Amanda Nevill, CEO, BFI said  “At this moment when the UK is adapting and reshaping our place in the world, the BFI London Film Festival really underlines the soft power of the art of film and showcases the dynamism of global exchange and partnership. All the BFI’s cultural programmes, from BFI Southbank to BFI Player, have sought to be an active champion at the heart of the global cinema story and this year’s LFF does this so powerfully with its incredibly rich and diverse programme and the international filmmaking community who love being here.’

Tricia Tuttle, BFI London Film Festival Director said, “In its 63rd year, BFI London Film Festival is one of the world’s  great public film fests. And that greatness comes from the fact that we serve one of the most vibrant and international cities in the world and welcome voracious, adventurous and cineliterate audiences. While there are many talking points emerging from this year’s programme, a few really leap out: the strong instinct from filmmakers to explore urgent social and political issues through narrative and often through the use of genre; the striking emergence of a a new generation of filmmakers exploding onto the international stage with startlingly bold, original and ambitious debuts; the continuing and welcome trend of increased gender balance in directing talent behind short film, first and second features. And while we so delighted to see work from 78 countries in the Festival, we also love welcoming a particularly exceptional new wave of UK based filmmakers with cracking first and second feature films in LFF. ”

As Britain’s leading cinema event and one of the world’s most important film festivals, the programme offers UK  audiences the chance to see some of the most anticipated new films from around the globe, including a host of new works destined to be major awards contenders. This October, the Festival will present 28 World Premieres, 12 International Premieres and 28 European Premieres, welcoming an impressive line up of first-class filmmakers and acting talent.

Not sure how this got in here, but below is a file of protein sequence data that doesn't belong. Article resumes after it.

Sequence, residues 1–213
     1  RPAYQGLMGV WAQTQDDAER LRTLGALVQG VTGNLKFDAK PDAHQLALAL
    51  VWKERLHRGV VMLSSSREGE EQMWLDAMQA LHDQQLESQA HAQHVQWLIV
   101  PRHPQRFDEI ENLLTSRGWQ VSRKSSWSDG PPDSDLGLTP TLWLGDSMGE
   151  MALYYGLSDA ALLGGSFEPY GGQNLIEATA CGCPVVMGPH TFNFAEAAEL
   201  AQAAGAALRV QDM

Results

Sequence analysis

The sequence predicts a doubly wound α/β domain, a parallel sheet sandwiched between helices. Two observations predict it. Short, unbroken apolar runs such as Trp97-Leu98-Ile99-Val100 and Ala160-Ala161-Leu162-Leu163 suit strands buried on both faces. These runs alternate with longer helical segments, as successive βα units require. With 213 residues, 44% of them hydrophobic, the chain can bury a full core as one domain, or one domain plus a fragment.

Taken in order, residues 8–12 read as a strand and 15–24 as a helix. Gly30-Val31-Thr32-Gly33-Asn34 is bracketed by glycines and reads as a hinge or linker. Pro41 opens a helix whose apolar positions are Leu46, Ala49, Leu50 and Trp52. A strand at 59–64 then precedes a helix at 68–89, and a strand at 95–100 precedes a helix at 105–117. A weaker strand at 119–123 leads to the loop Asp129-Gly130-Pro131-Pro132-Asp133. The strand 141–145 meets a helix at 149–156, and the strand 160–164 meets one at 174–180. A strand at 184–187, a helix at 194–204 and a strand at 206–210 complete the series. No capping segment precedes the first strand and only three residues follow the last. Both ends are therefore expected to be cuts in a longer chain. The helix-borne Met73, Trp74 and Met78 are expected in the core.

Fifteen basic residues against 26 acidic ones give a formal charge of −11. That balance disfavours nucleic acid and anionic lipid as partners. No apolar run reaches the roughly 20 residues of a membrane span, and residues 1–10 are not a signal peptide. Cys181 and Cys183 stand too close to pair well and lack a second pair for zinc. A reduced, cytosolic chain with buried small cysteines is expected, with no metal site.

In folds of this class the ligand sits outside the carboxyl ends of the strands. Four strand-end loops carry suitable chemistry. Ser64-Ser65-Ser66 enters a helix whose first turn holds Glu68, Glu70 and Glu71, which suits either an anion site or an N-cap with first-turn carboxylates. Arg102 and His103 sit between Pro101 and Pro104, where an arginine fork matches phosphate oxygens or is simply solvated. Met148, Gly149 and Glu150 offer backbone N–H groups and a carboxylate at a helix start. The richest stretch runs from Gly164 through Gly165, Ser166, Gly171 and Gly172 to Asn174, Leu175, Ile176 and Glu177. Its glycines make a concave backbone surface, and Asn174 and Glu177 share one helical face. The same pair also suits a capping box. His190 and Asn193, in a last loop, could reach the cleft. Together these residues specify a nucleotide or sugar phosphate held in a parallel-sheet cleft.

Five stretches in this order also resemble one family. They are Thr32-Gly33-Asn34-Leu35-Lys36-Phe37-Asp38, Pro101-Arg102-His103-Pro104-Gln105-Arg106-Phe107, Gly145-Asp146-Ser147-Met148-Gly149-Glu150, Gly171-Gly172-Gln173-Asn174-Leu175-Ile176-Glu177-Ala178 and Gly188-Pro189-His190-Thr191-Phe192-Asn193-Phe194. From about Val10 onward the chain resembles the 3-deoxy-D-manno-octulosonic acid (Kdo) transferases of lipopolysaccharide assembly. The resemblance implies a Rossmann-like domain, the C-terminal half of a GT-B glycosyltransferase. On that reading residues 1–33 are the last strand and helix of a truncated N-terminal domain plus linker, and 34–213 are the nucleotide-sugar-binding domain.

The programme presents stories from a broad range of voices, continuing to support both home-grown cinema and international productions. 78 countries are represented across short films and features, with 40% of all films directed
or co-directed by women.  The Festival continues to act as a launch pad for debut filmmakers, often supporting them throughout their career, demonstrated by returning Festival alumni in this year’s programme. The 229 feature films screening include: 41 documentaries, 7 animations, 13 archive restorations and 7 artists’ moving image features. The programme also includes 116 short films.

The Competitive sections serve to recognise remarkable creative achievements from British and international filmmakers. Winners are selected by hand-picked juries across four categories: Official Competition, First Feature, Documentary and Short Film. Last year, audiences were placed at the heart of the awards celebrations  for the first time, when the winning film from each section was presented to the public as a surprise screening, following the on-stage announcement of the winner. Building on last year’s sell-out success, audiences will once again have the chance to buy tickets to these awards screenings and be part of the proceedings.

This year sees the return of Odeon’s iconic flagship cinema, the redesigned ODEON Luxe Leicester Square. Each night of the Festival, a Headline Gala will screen in flawless 4k projection with pitch-perfect Dolby® Atmos sound. Luxe recliners offer space and comfort, ensuring every seat in the 800 seater venue is the best in the house. Films in Official Competition will be presented at the Vue West End and once again the festival’s beautiful 800-seat purpose-built venue Embankment Garden Cinema will be housed in the tranquil surroundings of Victoria Embankment Gardens. First built for the Festival in 2016, this state-of-the-art venue is constructed to the highest technical specifications with raked seating, Christie Digital 4k RGB pure laser illuminated projection and Dolby® 7.1 surround sound, with audiences and filmmakers alike praising its quality of cinema experience.

Alongside the Galas, Special Presentations and films in Competition, the Festival will show a range of new world cinema in sections Love, Debate, Laugh, Dare, Thrill, Cult, Journey, Create, Experimenta and Family – which provide pathways for audiences to navigate the extensive programme.